3 Tips to Increase ROI on Education Benefits
There’s no arguing the benefit of helping employees to continue their education. It helps them, and it helps your business.
The reasons a company should seriously consider offering tuition benefits run the gamut: To attract talent, to retain it, and as last year’s Cigna study showed, to move the business forward and improve its bottom line.
When the adult-education-focused Lumina Foundation partnered with the health insurer to analyze its Education Reimbursement Program, it found that for every dollar invested, the company generated $1.29 in savings. Program participants were more likely to be promoted, retained or transferred within the company, which reduced talent management costs, Cigna’s Chief Learning Officer Karen Kocher wrote in the July 2016 article “Companies Should Invest in Employees’ Higher Education.” With a 129 percent ROI, executives raised the maximum tuition reimbursement for employees in high-demand roles.
Today, about 87 percent of Fortune 1000 companies offer tuition reimbursement, said Rachel Carlson, CEO and co-founder of Guild Education, a company that partners with nonprofit universities to help businesses with their education benefits needs. She shared three tips that can help organizations — and their employees — reap the greatest value from this investment.
- Understand the value for your company. Carlson said that historically, while tuition reimbursement may have been a line item benefit accessible to full-time staff, companies have only encouraged corporate workers to take advantage of the benefit — for a high potential leader to pursue their MBA or master’s degree, for instance.
“What you find is, while the MBA is popular, it’s actually a flat or negative ROI, and it’s a pretty uncoordinated process,” Carlson said. On the other hand, encouraging front-line employees to use the benefit, people completing a bachelor’s program or getting their GED, “there’s a highly positive ROI.”
The disparity comes down to cost and effect, Carlson said. Compared with an MBA program, which can get pretty expensive pretty fast, a bachelor’s completion program, GED or a series of classes is much more affordable. But greater than that is the retention effect, Carlson said. Her company found that employees who earn a bachelor’s degree or college credits or a GED with their employer tend to stay longer than a newly-minted MBA employee. The latter adult learner might earn the degree, get their company to pay for it and then move on.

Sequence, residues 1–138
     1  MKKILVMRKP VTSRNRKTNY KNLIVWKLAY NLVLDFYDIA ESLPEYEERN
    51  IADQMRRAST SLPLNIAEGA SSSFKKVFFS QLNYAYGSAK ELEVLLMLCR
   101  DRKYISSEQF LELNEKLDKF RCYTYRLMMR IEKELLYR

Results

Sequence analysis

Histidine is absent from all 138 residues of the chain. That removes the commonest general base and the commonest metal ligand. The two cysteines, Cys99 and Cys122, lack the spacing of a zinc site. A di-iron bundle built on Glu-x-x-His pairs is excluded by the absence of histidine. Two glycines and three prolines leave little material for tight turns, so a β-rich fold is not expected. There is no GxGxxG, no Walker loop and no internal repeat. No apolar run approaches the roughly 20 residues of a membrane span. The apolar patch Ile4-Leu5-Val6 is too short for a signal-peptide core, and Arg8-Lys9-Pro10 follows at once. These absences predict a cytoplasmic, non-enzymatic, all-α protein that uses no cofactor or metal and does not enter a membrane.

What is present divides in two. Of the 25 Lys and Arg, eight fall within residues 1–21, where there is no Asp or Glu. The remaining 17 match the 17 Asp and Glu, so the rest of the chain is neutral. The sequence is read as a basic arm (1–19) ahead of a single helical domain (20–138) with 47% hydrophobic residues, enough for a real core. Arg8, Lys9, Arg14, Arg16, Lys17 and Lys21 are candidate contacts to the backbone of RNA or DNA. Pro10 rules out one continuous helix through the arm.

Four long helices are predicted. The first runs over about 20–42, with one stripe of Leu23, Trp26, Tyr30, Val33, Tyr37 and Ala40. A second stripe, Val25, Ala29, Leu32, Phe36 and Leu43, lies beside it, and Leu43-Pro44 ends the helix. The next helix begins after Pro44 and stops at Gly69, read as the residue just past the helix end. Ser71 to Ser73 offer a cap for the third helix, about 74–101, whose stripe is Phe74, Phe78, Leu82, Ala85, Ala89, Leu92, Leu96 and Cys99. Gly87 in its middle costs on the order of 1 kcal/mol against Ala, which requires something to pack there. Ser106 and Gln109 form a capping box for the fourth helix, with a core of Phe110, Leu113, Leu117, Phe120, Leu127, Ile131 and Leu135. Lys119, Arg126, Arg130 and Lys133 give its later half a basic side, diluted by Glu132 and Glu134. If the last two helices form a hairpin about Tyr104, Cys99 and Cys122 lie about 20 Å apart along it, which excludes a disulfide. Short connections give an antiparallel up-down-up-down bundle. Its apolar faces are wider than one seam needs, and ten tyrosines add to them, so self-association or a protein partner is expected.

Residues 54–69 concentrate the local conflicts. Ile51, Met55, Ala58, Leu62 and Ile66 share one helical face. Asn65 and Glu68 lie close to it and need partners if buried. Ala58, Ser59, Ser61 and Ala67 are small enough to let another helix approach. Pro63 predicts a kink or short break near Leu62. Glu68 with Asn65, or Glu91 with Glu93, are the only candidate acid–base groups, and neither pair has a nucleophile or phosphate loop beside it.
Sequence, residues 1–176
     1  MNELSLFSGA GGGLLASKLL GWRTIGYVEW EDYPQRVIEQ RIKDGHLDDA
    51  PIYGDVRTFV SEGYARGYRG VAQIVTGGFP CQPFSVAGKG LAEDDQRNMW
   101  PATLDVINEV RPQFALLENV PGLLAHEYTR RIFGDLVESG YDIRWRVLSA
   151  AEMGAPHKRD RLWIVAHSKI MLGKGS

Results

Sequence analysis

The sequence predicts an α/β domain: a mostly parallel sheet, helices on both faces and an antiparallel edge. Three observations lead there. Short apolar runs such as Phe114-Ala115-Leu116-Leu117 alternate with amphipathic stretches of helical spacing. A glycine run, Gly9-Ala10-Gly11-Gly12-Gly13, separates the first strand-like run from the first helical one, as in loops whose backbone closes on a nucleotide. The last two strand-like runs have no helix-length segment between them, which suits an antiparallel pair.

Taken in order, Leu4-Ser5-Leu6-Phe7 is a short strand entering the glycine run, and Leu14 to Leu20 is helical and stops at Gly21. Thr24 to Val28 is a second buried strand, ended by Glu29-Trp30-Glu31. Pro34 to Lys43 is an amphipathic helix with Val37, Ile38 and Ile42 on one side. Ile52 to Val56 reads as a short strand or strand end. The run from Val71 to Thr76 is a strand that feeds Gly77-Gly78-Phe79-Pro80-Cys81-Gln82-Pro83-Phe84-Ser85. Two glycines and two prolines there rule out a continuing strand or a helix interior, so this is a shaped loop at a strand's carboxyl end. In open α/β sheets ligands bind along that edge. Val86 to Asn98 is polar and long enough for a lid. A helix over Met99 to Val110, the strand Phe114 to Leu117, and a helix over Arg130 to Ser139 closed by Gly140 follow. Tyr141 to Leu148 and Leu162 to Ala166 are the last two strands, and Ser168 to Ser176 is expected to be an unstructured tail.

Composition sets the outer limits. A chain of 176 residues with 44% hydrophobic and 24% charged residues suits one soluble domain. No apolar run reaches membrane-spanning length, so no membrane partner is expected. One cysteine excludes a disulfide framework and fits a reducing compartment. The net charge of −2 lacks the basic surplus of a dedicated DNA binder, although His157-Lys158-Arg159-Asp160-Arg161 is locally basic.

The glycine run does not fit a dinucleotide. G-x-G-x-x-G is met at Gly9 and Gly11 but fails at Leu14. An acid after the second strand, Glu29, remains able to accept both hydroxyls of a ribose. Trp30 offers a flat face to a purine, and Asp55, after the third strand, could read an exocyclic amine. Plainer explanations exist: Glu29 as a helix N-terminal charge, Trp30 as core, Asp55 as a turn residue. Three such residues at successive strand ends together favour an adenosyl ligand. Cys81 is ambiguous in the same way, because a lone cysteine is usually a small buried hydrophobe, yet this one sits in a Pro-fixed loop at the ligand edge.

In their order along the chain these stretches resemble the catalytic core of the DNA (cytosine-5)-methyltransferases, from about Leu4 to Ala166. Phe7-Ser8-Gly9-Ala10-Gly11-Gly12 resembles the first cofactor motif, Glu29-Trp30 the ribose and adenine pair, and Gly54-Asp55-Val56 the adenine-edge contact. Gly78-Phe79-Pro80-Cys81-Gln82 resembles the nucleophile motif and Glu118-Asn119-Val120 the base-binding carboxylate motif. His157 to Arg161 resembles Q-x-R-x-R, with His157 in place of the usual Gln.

Accordingly, Carlson recommended companies do what Guild does with its clients: some math.
Learning leaders should consider the education benefit on a per-employee basis, looking at the cost of helping an employee go back to school versus the costs associated with them leaving the company.
- Partner with senior leadership on talent objectives. Companies that work with Guild look to their workforce planning needs and business model for guidance on what education benefits to offer employees. Some employers choose to offer a plethora of options, giving employees broad choice in programs, degrees and certificates. Other companies with a more squat pyramid environment, where there are fewer ladders to ascend, might proceed in a different way. “They might be happy for an employee to work for them for two years, earn a skill as an accountant or a nurse or a teacher, and then move on to take one of those middle skill jobs,” Carlson said.
For other companies where there is demand for skills in a strategic area, learning leaders may curate specific programs and courses for employees to meet organizational needs. Carlson said getting clear on the company’s talent goals — whether it’s upskilling, retention or recruiting future employees — will drive decisions and details for a company’s tuition reimbursement benefits.
- Provide a support system and resources. Carlson said one of the features that distinguishes Guild are the coaches and advisors they deploy around the education experiences they coordinate. These supports work with employees who are reengaging in academic rigor and navigating the responsibilities that come with being a working adult, she said. Learning leaders have only to look at the completion rate for open access content available today to understand the importance of an employee support system, she said. It’s a low rate among busy people who haven’t had a strong college experience or learned how to be a strong self-directed learner. Guild’s work with adult learners through coaches and advisors has been shown to dramatically improve retention. And research supports this. Academic advising is widely seen as core to a student’s success, whether they’ve transitioned out of high school or re-entered school after time away from it.
Bravetta Hassell is a Chief Learning Officer associate editor. Comment below, or email editor@CLOmedia.com.